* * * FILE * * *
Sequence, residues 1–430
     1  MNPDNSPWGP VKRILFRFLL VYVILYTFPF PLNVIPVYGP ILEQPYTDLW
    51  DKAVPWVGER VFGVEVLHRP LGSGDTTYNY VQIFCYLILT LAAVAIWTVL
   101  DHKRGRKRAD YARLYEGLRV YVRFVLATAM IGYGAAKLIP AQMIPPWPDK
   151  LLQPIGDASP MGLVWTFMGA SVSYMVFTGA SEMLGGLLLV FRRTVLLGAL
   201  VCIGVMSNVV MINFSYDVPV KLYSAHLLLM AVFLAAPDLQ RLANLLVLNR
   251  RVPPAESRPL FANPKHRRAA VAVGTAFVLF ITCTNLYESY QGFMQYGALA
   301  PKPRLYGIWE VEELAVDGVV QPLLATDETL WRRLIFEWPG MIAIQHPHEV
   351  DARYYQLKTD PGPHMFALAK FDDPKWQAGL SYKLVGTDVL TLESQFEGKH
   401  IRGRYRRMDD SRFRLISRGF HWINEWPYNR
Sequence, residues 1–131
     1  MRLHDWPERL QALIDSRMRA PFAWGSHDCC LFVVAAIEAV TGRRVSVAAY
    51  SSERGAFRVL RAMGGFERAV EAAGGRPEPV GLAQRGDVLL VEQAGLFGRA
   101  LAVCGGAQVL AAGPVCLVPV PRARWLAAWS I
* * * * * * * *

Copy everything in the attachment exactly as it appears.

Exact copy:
Sequence, residues 1–430
     1  MNPDNSPWGP VKRILFRFLL VYVILYTFPF PLNVIPVYGP ILEQPYTDLW
    51  DKAVPWVGER VFGVEVLHRP LGSGDTTYNY VQIFCYLILT LAAVAIWTVL
   101  DHKRGRKRAD YARLYEGLRV YVRFVLATAM IGYGAAKLIP AQMIPPWPDK
   151  LLQPIGDASP MGLVWTFMGA SVSYMVFTGA SEMLGGLLLV FRRTVLLGAL
   201  VCIGVMSNVV MINFSYDVPV KLYSAHLLLM AVFLAAPDLQ RLANLLVLNR
   251  RVPPAESRPL FANPKHRRAA VAVGTAFVLF ITCTNLYESY QGFMQYGALA
   301  PKPRLYGIWE VEELAVDGVV QPLLATDETL WRRLIFEWPG MIAIQHPHEV
   351  DARYYQLKTD PGPHMFALAK FDDPKWQAGL SYKLVGTDVL TLESQFEGKH
   401  IRGRYRRMDD SRFRLISRGF HWINEWPYNR
Sequence, residues 1–131
     1  MRLHDWPERL QALIDSRMRA PFAWGSHDCC LFVVAAIEAV TGRRVSVAAY
    51  SSERGAFRVL RAMGGFERAV EAAGGRPEPV GLAQRGDVLL VEQAGLFGRA
   101  LAVCGGAQVL AAGPVCLVPV PRARWLAAWS I